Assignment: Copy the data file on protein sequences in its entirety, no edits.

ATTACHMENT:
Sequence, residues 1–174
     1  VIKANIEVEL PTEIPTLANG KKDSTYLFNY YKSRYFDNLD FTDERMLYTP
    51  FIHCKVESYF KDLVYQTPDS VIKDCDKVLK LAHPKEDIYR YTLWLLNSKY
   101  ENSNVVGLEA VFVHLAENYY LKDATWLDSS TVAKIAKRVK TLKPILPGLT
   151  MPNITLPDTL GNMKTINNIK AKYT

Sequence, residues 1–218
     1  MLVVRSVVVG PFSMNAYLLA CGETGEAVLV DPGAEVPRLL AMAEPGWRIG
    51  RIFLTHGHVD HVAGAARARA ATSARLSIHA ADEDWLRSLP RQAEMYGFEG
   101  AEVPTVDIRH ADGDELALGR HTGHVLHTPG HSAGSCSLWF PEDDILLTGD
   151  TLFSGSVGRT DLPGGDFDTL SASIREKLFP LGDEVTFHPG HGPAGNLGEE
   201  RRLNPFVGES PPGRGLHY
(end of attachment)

Sequence, residues 1–174
     1  VIKANIEVEL PTEIPTLANG KKDSTYLFNY YKSRYFDNLD FTDERMLYTP
    51  FIHCKVESYF KDLVYQTPDS VIKDCDKVLK LAHPKEDIYR YTLWLLNSKY
   101  ENSNVVGLEA VFVHLAENYY LKDATWLDSS TVAKIAKRVK TLKPILPGLT
   151  MPNITLPDTL GNMKTINNIK AKYT

Sequence, residues 1–218
     1  MLVVRSVVVG PFSMNAYLLA CGETGEAVLV DPGAEVPRLL AMAEPGWRIG
    51  RIFLTHGHVD HVAGAARARA ATSARLSIHA ADEDWLRSLP RQAEMYGFEG
   101  AEVPTVDIRH ADGDELALGR HTGHVLHTPG HSAGSCSLWF PEDDILLTGD
   151  TLFSGSVGRT DLPGGDFDTL SASIREKLFP LGDEVTFHPG HGPAGNLGEE
   201  RRLNPFVGES PPGRGLHY